riff? q;


"if 1,

REFUGEE WEEK is a celebration of the contribution refugees and asylum seekers make to Scottish life, as Allan Radcliffe discovers.

ver the last decade the term ‘asylum-seeker‘

has been given pretty negative connotations.

The issue of how to welcome and accommodate those fleeing persecution and arriving on our shores has been manipulated and misrepresented by craven politicians and the more invidious sections of the right-wing press. It’s time to tackle head-on the tide of poisonous misinformation about refugees that’s regularly spewed across our media. A good start is a week of diverse cultural events highlighting the important roles that refugees play in society.

While Refugee Week is a UK-wide phenomenon, events taking place north of the border from 14—20 June have been co-ordinated by nine organisations. including the Scottish Refugee Council. Amnesty lnternational. the British Red Cross and Save the Children. Patrick Evans from the Refugee Council outlines some of the principles and aims behind the week‘s events.

‘What Refugee Week in Scotland mainly stands for is celebrating the contribution refugees make to this country. which is extensive both in today's terms and historically as well as to bring people from different cultures together.’ he says. ‘Although it crops up annually, this year there are events taking place all over Scotland, from the central belt to Dingwall. so it's the first time we’ve attempted something on this scale before.’

Among the many opportunities for integration offered by Refugee Week, one of the biggest and most colourful will be the brand new Midsummer Carnival. which can be seen making its way around Glasgow‘s Queen‘s Park on Sunday 20 Jun. The carnival has moved from its usual slot as part of the West End festival to be the centrepiece of the Refugee Week celebrations. It will be the culmination of weeks of workshops run by Scottish Carnival Arts in collaboration with a diverse array of communities and individuals on skills such as mask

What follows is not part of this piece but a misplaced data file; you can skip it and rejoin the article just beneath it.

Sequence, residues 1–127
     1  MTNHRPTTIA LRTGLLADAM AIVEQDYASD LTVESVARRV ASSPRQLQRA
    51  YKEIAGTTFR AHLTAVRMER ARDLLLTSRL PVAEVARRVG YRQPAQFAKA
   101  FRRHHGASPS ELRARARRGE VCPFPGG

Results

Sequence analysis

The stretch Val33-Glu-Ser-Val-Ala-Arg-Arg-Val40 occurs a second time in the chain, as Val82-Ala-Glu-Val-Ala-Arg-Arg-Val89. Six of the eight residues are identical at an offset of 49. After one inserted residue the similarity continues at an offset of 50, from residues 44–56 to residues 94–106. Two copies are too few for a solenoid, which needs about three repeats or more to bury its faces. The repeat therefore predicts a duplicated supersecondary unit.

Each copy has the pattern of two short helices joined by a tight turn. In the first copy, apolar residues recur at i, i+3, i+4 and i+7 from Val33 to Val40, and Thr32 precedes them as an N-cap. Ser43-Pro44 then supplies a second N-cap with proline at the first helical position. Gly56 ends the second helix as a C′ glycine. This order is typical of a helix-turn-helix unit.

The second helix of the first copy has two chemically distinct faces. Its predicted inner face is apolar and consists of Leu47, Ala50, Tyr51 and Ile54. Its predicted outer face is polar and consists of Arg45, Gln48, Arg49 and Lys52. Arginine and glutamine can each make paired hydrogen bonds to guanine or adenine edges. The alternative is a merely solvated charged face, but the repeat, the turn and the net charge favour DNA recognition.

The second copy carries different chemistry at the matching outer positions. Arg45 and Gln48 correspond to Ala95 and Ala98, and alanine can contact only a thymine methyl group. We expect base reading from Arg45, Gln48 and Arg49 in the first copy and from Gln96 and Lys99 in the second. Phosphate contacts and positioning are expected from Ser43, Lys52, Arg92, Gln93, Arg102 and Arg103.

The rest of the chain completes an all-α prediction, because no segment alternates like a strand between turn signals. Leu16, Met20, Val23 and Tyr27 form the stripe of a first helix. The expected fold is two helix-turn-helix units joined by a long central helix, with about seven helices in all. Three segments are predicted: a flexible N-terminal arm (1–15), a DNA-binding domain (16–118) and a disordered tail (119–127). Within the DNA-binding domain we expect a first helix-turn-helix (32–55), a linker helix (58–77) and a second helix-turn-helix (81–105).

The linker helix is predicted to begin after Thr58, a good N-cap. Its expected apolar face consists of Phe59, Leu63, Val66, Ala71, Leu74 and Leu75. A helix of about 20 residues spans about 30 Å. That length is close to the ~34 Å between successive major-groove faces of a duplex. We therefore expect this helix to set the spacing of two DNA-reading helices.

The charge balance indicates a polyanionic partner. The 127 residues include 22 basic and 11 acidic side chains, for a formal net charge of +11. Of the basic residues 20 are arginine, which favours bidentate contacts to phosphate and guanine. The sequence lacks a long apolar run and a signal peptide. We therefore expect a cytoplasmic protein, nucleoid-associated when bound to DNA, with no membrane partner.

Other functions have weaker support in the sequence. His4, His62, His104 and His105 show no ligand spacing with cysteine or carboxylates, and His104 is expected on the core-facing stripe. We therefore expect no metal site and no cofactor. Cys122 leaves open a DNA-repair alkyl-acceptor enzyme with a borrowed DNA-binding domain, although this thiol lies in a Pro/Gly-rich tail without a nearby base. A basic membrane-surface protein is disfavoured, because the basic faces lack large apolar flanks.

100 THE LIST 10—24 Jun 2004


and flag making. samba and djembe drumming and African dancing.

Just how far-reaching the programme will be is illustrated by another key project, the inauguration of a website on the theme of refugees, contributed to by some 90 schools across the nation.

There will also be several opportunities to address the central role war plays in the refugee issue. including forum discussions and workshops. films. a powerful new piece of theatre from Boilerhouse and a ‘Picnic for Peace‘. lt’s virtually impossible to imagine any cynicism being attached to such a rich. vibrant programme. Yet. as Patrick Evans acknowledges. the organisers are facing a torturoust uphill struggle to debunk some of the myths that have engulfed the asylum issue. ‘The vehemence with which asylum is written about has grown inestimably in the last three years. There is a racist agenda at work in some of the press I hate to say that. but it’s true. The worst headline was the Daily Star‘s “Asylum Seeker Ate My Donkey’. Fourteen months and investigation by the Press Complaints Commission later. they printed a postage-stamped sized retraction in the middle of the paper. But of course that wasn‘t nearly as eye- catching as the original headline.”

With this cynicism in mind. one of the objectives of the group programming Refugee Week north of the border has been to emphasise the Scots‘ popular self-image as a welcoming nation. while drawing our attention to the importance of asylum seekers to the economy. We are. after all, an ageing, dwindling breed. ‘Scotland is a country that is missing a large portion of its population to forced migration,” says Patrick. ‘We all have relatives in places like Canada and Australia, so it’s ironic that we should be negative when it comes to people coming here, particularly as asylum seekers are among the best-educated. best-trained sectors of society. and tend to tackle their work with an enviable zeal.‘



The events that you can 't afford to miss a Refugee Week

TO WHOM IT MAY CONCERN. Peter Iain Campbell showcases photographs that challenge the stereotypes presented through the media. Dynamic Earth, Holyrood Road, 550 7800. 10am—5pm. Free. BLACKBOARDS. THIS BOLDLY uncompromising portrait of life on the margins of Iranian society is a must-see for film buffs. CCA, 350 Sauchiehall Street, 352 4900. 6.15pm. UNITE: A GOVAN GATHERING. An evening of film, food and music. Pearce Institute, 840 Govan Road, 445 1941. 7pm. Free.

CELEBRATING DIVERSITY AT NGC. The NGC presents contemporary exhibitions to highlight the issues facing refugees and asylum seekers. North Glasgow College. 110 Flemington Street. Springburn, 558 9001. 10am—3pm. Free. WHAT DO REFUGEES BRING to Scotland? A public talk as refugees join high profile speakers for this important debate. STUC Building, 333 Woodlands Road, 7pm. Free.

OPENING DOORS. MORE THAN 1 1,000 asylum seekers have been dispersed to Glasgow since April 2000. Here, this transnational conference, with its series of workshops. exhibitions and stalls, aims to highlight new and developing practices in integrating asylum seekers and refugees. Hamish Wood Building, Caledonian University, 9.30am—4.30pm. Free.